Gray Matters - The Colonel

By Tanya Mitchell | Mar 13, 2014
Source: File image

Belfast — Do any of you remember what it was like back in school when you found out you were going to have a substitute teacher for one of your classes?

The typical reaction was often one of joy, especially if it was one of those classes in which you did not perform all that well (algebra was a big one for me in middle school). We kids would then chalk up that portion of the day as one for things like idle chatter, passing notes from one end of the room to the other and other general forms of middle school student-led chaos.

But there was always one substitute teacher I will never forget, and it wasn't because of how little we accomplished while he was standing at the head of the class — quite the contrary. And if you ever had United States Marine Corps Colonel Bruce MacLaren as a substitute, you will be among those in the community who will immediately understand why.

I was reminded of this no-nonsense substitute teacher, known to many of us as simply "The Colonel," just this past week after The Journal received the information for his obituary following his death at the age of 82.

One of the things I remembered most was how little he tolerated anything that could be construed as shenanigans, tom-foolery or hooliganism while he was in charge. One of the first times I ever had The Colonel as a substitute teacher, he started out by informing all of us that he would not allow gum-chewing in the classroom. Anyone caught doing so, he said, would be asked to take the gum out of their mouth and secure it firmly to the end of their nose for the remainder of the class.

Even back then I was pretty sure he was kidding. Nonetheless, I was one of more than a few who immediately swallowed our gum.

Listening to this articulate fellow with a well-maintained short haircut, crisply ironed shirt and the wooden camouflage cane he carried, I slowly started to figure out the kind of force we were up against. As he spoke about the classroom rules, I found myself sitting up a little straighter at my desk. From then on out, without thinking about it, I and my fellow classmates often referred to him as "sir."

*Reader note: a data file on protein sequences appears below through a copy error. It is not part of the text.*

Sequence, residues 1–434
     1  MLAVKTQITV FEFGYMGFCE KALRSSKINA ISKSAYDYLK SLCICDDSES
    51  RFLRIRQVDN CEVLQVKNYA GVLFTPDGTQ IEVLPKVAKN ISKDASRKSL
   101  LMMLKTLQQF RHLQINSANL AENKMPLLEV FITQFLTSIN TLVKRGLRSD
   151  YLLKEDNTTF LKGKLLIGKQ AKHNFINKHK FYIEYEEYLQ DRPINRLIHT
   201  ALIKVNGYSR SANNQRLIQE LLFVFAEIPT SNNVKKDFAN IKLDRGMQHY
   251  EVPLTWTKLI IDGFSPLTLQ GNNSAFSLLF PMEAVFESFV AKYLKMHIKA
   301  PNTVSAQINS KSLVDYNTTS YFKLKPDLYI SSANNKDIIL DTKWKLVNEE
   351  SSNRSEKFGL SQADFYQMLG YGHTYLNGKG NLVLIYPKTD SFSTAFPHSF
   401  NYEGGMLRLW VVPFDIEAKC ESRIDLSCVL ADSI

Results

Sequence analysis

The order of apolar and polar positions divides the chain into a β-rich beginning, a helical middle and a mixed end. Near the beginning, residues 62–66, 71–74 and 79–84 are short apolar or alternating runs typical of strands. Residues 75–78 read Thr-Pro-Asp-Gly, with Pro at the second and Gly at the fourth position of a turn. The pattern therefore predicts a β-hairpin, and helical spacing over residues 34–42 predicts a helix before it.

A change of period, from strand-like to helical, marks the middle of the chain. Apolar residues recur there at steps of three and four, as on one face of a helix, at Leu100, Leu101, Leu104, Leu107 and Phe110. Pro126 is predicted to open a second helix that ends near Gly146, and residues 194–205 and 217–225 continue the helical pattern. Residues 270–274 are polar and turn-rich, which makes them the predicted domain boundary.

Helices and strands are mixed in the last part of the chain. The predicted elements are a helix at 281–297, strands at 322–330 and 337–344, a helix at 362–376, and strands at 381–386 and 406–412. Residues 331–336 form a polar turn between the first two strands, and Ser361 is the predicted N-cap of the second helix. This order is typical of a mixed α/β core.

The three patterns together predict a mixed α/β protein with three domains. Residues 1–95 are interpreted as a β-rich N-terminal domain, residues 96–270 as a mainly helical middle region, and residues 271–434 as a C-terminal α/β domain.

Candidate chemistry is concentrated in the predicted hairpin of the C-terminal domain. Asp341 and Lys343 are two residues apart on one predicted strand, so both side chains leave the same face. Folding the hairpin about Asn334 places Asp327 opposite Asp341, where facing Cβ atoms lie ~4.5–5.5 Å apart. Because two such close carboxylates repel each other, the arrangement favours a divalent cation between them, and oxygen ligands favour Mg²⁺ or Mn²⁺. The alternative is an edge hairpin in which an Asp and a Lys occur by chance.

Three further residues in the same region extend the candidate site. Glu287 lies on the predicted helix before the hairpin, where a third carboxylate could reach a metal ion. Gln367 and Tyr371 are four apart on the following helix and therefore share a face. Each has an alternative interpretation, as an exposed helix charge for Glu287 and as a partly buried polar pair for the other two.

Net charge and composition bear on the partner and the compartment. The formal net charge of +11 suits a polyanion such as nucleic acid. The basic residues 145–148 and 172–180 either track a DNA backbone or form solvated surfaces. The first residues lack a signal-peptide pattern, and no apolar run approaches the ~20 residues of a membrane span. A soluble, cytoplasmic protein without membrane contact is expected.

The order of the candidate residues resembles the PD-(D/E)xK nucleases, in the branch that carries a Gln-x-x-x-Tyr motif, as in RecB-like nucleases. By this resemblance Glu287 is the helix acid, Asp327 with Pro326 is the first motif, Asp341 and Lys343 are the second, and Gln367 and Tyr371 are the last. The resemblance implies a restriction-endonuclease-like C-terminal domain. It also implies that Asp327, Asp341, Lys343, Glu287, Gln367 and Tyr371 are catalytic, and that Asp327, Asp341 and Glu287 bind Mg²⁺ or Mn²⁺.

As we got to know The Colonel over the years, we learned he served as a marine for 30 years, and sometimes he would tell us stories about the time he spent serving the country. He would tell those tales with in a light but informative way, with a bit of dry humor that we all came to enjoy.

While we came to look forward to seeing The Colonel in the classroom, we always knew he was the one substitute that refused to put up with any of our ridiculousness. That was because he commanded respect, and because he was very clear about his expectations for our behavior while we were in his charge. Those expectations never changed, and we always knew that if we were working on a particular subject or another with our regular classroom teacher the day before, we could certainly expect to continue that work under The Colonel's able guidance.

And he wasn't afraid to administer the occasional pop quiz, in case anyone was wondering.

The Colonel had just the right combination of firmness and positive energy, the kind that was needed to keep us middle school kids in line, but also keep us engaged and learning.

As I grew older and began my work here at The Journal, I would see The Colonel in a new way. Not so much as the no-nonsense substitute teacher, but as a member of the community that was remembered by two of my past editors for his ability to consider topics with an open mind, and one who could carry on a spirited discussion with no hard feelings should he happen to disagree with a point that was made.

A lot of my classmates shared their memories of The Colonel as the news circulated on social media last week, and they were many. One guy I went to school with remembered how The Colonel gave him a camouflaged pen shaped like an arrow for acing a quiz.

The common thread in the comment postings, however, was that we all arrived at the consensus, pretty quickly, that the former School Administrative District 34 did a really smart thing when they hired a career marine as a substitute teacher. He did the job and then some, as evidence by the scores of us who remembered The Colonel fondly in that role after learning of his passing.

Rest easy, Colonel MacLaren, and thanks for caring enough to expect more from us. Semper Fidelis.



Comments (2)
Posted by: Debora Riley | Mar 26, 2014 15:12

Well said, Tanya. Colonel MacLaren was an excellent role model for young and old alike. He was one-of-a-kind and unforgettable. RIP, Colonel.


Posted by: Don L. Mooers | Mar 18, 2014 07:23

Nice tribute, Tanya.

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